Bad Astronomy
The entire universe in blog form

March 19 2015 1:54 PM

Ted Cruz Goes Full Orwell

In case you haven’t heard, Sen. Ted Cruz (R-Texas) is not a fan of reality.

Earlier this week, Cruz went on Late Night With Seth Meyers, and they discussed the issue. What Cruz said, in its entirety, is what comes out of the south end of a north-facing bull. Watch:

Here’s the transcript:

I just came back from New Hampshire where there’s snow and ice everywhere. And my view actually is simple: Debates on this should follow science, and should follow data.  And many of the alarmists on global warming, they got a problem cuz the science just doesn’t back them up. And in particular, satellite data demonstrates that the last 17 years there’s been zero warming. None whatsoever. It’s why—you remember how it used to be called global warming and then magically the theory changed to climate change? The reason is it wasn’t warming, but the computer models still say it is, except the satellites show it’s not.

There’s so much wrong in what he said that it’s almost cartoonish. It’s a tour de force of wrongness.

Let’s go point by point.

First: It’s cold in New Hampshire! Yes, because global warming doesn’t mean the Earth is always hot. It still gets cold because we have seasons; the Earth’s axis is still tilted. This is a standard denier talking point meant to distract from the real issue. Cruz starting off with this line is a sure-fire way of knowing that he’s got his head firmly planted in the sand. As Stephen Colbert wrote, brilliantly mocking this kind of ridiculosity, "Global warming isn't real because I was cold today! Also great news: World hunger is over because I just ate."

Next, Cruz is right in one sense; we should follow the science. But the real science, not the nonsense he’s saying. Real science doesn’t cherry-pick one result that appears (incorrectly) to back up an outrageous claim, but ignore the overwhelming amount of evidence that this claim is dead wrong.

He says satellite data shows no warming. That is wrong, wrong, wrong. Even giving him the benefit of the doubt, his saying this shows at best a gross misunderstanding of the data. And there is a vast amount of data from other sources showing the Earth is warming up. As the National Oceanic and Atmospheric Administration reported in February 2015, “[n]ine of the past 12 months have been either warmest or second warmest on record for their respective months.” And 2014 was one of if not the hottest year on record.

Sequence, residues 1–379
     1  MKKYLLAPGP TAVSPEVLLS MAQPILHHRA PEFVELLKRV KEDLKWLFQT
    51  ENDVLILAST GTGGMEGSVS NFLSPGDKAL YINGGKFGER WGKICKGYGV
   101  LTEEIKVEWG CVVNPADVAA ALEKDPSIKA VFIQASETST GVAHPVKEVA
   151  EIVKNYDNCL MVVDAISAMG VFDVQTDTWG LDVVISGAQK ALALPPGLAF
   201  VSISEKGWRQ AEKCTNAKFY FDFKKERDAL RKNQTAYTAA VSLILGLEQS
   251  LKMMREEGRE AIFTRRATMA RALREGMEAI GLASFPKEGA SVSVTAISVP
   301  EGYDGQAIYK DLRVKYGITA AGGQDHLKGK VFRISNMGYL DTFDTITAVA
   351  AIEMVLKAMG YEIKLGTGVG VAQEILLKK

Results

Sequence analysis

getting hot
Top: The global temperature trend over time, from 1950–2014, in degrees Celsius per decade. Red means it's getting hotter. Notice anything? Bottom: An "anomaly plot"; the annual global temperature trend over time where the average from 1951–1980 is set to 0. This shows what the actual temperature increase in degrees Celsius is.

Both diagrams from NASA/GSFC/Earth Observatory, NASA/GISS

But of all the bizarre nonsense Cruz said in that interview, what really got my teeth grinding was his comment about how it used to be called “global warming” but now we call it “climate change” because the evidence doesn’t support warming. That is at the level of weapons-grade irony. The idea to start calling it “climate change” came from a Republican strategist, in an effort to make it seem less threatening.

By saying that, Cruz has gone full Orwell: His own party made that change in phrase, but he’s accusing scientists of doing it.

Ted Cruz is a flat-out science denier. He’s unworthy of a leadership position, especially one that deals with science. Yet he’s chairman of the Senate subcommittee overseeing NASA, and he wants to run for president.

If there’s anything that can counteract global warming, it’s the chill in the air I feel from having to write that last paragraph.

Correction, March 23, 2015, at 16:20 UTC: I originally misstated that the bottom plot in the picture had the average from 1950–2014 set to 0. The average is from 1951–1980.

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March 19 2015 12:00 PM

You Are Gopher Launch

After this morning’s post, we all need a Unicorn Chaser.